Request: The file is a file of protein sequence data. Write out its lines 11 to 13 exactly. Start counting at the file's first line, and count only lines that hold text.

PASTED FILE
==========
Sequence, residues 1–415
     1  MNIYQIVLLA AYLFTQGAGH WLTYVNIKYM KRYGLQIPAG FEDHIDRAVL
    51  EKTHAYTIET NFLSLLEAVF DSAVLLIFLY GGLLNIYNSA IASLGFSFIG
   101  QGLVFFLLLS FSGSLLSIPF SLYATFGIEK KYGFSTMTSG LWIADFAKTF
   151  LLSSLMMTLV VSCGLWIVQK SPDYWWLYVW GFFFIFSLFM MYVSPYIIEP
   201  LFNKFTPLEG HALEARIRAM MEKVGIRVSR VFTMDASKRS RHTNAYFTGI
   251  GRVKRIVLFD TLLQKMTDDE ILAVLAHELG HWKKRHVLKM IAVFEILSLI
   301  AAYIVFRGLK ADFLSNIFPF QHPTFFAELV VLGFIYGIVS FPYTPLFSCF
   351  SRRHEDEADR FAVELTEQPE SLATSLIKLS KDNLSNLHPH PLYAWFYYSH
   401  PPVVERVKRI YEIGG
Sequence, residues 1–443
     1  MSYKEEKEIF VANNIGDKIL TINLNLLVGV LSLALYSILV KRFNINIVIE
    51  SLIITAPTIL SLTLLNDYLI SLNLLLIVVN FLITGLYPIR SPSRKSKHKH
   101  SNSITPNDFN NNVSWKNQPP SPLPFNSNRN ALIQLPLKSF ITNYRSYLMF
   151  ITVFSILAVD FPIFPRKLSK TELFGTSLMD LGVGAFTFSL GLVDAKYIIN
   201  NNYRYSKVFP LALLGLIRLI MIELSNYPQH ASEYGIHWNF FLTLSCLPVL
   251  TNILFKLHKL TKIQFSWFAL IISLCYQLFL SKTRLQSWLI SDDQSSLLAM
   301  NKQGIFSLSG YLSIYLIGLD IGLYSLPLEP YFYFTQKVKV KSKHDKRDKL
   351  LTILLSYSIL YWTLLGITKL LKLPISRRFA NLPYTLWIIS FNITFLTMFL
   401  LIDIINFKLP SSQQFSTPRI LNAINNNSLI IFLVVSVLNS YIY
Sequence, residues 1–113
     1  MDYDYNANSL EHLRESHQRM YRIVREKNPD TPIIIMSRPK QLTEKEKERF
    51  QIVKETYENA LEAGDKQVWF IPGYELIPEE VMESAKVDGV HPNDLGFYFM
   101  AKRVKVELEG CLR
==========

Sequence, residues 1–443
     1  MSYKEEKEIF VANNIGDKIL TINLNLLVGV LSLALYSILV KRFNINIVIE
    51  SLIITAPTIL SLTLLNDYLI SLNLLLIVVN FLITGLYPIR SPSRKSKHKH